ONCE MORE, WITH FEELING…. Earlier this week, Senate Republicans effectively conceded they had no realistic shot at derailing the health care reconciliation package. Their goal would be to (1) push politically inconvenient amendments that could be used in attack ads, and (2) “put a few holes” in the package, so the House would have to vote on health care reform one more time.
Senate Finance Committee Chair Max Baucus (D-Mont.) conceded the other day that edit-free approval was still the goal, but “one or two” minor changes might be unavoidable.
Well, guess what.
With the Senate working through an all-night session on a package of changes to the Democrats’ sweeping health care legislation, Republicans early Thursday morning identified parliamentary problems with at least two provisions that will require the measure to be sent back to the House for yet another vote, once the Senate adopts it.
Senate Democrats had been hoping to defeat all of the amendments proposed by Republicans and to prevail on parliamentary challenges so that they could approve the measure and send it to President Obama for his signature. But the bill must comply with complex budget reconciliation rules, and Republicans identified some flaws.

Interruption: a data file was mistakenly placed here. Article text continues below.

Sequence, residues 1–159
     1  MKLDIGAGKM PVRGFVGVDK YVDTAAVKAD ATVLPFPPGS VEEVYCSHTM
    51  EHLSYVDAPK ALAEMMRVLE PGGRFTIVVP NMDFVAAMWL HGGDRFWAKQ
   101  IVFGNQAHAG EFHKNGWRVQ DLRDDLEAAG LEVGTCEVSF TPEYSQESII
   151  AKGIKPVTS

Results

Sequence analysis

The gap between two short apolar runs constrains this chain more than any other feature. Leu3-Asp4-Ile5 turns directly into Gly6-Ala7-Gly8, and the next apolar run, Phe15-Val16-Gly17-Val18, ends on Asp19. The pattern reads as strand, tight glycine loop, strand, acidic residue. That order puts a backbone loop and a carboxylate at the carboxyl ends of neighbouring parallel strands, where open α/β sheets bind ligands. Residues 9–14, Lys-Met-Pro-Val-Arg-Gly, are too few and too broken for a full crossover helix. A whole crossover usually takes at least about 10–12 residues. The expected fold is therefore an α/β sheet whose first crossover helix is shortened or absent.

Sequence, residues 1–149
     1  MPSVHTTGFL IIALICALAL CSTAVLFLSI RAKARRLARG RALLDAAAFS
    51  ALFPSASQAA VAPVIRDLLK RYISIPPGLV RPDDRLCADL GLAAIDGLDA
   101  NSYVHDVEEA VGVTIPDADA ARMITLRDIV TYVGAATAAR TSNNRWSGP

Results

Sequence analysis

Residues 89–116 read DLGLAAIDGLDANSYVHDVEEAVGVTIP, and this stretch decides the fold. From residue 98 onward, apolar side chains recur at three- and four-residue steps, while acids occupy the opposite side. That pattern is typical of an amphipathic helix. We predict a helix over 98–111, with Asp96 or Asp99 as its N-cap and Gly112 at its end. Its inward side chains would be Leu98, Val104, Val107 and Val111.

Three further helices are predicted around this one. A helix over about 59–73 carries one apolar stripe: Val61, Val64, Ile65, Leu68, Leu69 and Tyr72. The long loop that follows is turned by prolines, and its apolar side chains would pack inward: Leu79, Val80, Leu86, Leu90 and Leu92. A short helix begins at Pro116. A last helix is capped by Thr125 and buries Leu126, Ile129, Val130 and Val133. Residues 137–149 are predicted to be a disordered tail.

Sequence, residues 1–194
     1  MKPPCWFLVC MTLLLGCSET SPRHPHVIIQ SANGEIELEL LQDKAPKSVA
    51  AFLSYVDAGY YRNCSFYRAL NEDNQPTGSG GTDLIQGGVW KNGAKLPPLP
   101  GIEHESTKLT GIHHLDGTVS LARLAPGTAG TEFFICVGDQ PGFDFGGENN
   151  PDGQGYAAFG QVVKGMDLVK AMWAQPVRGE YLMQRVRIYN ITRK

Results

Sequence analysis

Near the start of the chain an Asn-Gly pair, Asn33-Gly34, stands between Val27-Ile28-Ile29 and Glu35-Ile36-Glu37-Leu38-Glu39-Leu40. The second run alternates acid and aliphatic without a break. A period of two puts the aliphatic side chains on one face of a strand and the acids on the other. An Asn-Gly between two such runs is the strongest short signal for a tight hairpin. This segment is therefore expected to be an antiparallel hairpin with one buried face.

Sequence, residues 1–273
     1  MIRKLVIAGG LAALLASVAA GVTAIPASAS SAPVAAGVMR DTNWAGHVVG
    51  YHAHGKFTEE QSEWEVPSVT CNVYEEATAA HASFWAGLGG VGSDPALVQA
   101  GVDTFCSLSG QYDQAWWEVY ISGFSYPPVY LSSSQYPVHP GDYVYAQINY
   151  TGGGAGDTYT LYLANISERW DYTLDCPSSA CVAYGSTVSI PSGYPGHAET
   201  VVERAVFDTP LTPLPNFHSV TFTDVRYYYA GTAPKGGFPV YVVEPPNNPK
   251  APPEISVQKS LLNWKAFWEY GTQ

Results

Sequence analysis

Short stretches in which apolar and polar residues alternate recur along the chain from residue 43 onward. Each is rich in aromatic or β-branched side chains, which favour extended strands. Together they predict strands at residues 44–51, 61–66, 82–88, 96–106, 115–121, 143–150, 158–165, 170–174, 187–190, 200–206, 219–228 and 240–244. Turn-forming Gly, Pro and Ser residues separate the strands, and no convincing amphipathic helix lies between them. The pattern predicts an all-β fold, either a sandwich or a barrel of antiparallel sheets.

As expected, the provisions in question are small and technical, and their removal does not affect the larger reform package in any meaningful way.
Senate Budget Committee Chairman Kent Conrad (D-N.D.) told reporters overnight, “We see no impact on the score and very insignificant impact on any policy. This is not going to be a problem.”
Dems hoped to pass the reconciliation measure as-is, so it could be sent directly to the White House for the president’s signature, but after Senate passage, the House will have to make one final vote. Party leaders knew this was a possibility — House Majority Leader Steny Hoyer (D-Md.) signaled to House members earlier this week that they should plan to stick around, just in case. This morning, Hoyer said House passage of the ever-so-slightly different package wouldn’t be a problem.
As for the Senate, the chamber wrapped up for the night about 2:45 a.m. (ET), and is scheduled to get back to work about two hours from now. Leaders believe the Senate may complete all of its work on the reconciliation measure by mid-day today.